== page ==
I say, "Hi, Dr. X? My name is Dr. T, from University Hospital, we have one of your patients here, Joe Blow, and he says he is on a very large dose of phenobarbital, so I'm trying to verify his doses and his seizure history."
"I know Joe, and his phenobarb does is 500mg per day with Dilantin 500 per day. He has intractable seizures from several head traumas about ten years ago. Other than that, he has no other medical issues."
"Wow. Well, thanks for your help."
"No problem. Bye."
"Hello, Dr. Alone, this is Dr. Ted, calling you back about John Smith. According to the chart, I last gave him a prescription on 11/17, and at that time I gave him HCTZ 25mg #30, Percocet #60, and Prevacid 20mg. If you need any more information, you can call me back at the same number. Thanks."
end of new messages
The medical student hangs up the phone. "That was fast," I say.
She nods. "I told him I was a medical student at University Hospital, and that we were trying to verify his medical history, but Dr. Block said he didn't remember Mr. Robinson so he said he'd have to have the nurse call me back to read the chart."
"Oh," I say.
What these stories have in common is this: the outpatient doctor did not bother to ask why his patient was in the hospital.
That's universal healthcare; or at least Medicaid and Medicare. Some doctors know everything about their patient, others know almost nothing, there's a variance but what's becoming more common is an apathy and disinterest in the maintenance care, the "across the life cycle" total patient care.
They figure: he's in the hospital, so presumably he'll be managed. I don't have time for this, I'm busy, I have-- well, patients to see.
The outpatient doctor isn't a "gatekeeper," he is simply a member of a large, disconnected team of clinicians who each care for a different medical and temporal aspect of his life. We are all consultants now. Contact between clinicians is usually about the past-- what did you have him on?--- or the short term future-- when can he see you next? It is almost never about the "total patient," integrating neuro with surgery, derm with endocrine...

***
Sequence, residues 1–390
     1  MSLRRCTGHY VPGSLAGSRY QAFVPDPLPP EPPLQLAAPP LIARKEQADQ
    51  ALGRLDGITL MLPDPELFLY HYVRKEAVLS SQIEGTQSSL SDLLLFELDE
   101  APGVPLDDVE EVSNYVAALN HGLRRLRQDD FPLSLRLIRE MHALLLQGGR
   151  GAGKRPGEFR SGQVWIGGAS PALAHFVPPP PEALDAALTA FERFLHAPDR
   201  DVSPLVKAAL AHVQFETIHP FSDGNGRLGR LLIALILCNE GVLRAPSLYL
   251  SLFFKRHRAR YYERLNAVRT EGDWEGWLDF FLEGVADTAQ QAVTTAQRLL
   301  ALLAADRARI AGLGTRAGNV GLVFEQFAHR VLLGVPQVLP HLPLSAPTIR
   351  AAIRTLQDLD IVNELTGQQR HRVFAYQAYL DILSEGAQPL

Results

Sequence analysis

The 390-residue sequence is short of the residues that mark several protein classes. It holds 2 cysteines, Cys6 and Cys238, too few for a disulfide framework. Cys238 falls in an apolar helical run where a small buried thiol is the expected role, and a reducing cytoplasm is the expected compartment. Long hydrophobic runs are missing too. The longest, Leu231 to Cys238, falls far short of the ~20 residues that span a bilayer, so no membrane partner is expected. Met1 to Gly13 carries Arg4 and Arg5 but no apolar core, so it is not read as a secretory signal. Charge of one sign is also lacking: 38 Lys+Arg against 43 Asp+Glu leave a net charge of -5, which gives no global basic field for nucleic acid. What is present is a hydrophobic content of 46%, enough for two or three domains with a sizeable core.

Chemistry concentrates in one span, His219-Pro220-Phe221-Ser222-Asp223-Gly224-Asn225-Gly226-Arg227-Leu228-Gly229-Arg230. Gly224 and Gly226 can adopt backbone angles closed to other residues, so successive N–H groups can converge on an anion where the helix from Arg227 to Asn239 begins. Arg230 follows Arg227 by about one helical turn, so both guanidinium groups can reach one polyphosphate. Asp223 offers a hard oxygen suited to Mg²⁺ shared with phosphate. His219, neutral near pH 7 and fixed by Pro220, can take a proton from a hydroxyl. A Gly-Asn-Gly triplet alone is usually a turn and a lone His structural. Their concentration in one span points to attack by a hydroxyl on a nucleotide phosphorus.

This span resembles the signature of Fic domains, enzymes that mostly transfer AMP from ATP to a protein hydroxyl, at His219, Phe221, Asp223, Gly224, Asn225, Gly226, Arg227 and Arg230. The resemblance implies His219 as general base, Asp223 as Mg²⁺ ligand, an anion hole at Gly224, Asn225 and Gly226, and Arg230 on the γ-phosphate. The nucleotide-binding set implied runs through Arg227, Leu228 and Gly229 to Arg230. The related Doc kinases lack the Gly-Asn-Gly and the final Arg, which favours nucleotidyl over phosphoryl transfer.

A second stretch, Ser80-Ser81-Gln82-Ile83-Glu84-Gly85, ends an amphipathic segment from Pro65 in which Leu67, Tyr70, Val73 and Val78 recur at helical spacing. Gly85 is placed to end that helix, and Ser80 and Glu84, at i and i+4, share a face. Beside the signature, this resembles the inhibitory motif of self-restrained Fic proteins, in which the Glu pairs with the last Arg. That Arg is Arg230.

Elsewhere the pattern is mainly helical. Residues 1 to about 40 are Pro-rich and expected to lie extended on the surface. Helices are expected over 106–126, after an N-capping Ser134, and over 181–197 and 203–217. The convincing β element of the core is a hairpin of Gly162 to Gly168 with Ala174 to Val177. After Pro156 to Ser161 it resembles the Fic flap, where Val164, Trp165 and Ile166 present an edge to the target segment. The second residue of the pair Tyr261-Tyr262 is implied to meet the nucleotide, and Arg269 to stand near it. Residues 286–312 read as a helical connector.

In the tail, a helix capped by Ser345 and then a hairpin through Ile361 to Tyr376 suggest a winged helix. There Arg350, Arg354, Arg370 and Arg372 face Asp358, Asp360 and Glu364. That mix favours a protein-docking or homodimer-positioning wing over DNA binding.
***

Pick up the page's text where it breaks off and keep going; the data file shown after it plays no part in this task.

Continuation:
The odd exception to this is psychiatry, but only private practice psychiatry. Community mental health is still a type of temporal consultant: if he shows up, you treat him.
When was the last time you talked to the internist of a patient about why/how you're putting him on Zyprexa?
I'm not any better, I'm afraid. The system isn't set up to care, it's set up so you care less-- because the less investment you have in being the gatekeeper, the more freedom everyone-- other clinicians who may bump into him down the line-- has in doing what they think is best. I hardly need to point out that not only are we not paid for consulting with other docs, but we lose billable hours and introduce each other to higher liability because they're now on record as being privy to my crazy Depakote + Cytomel+ testosterone plan. And no doc dares d/c the meds of another without good resaons-- good reasons that unfortunately no longer include "holy crap, that doctor is an idiot!"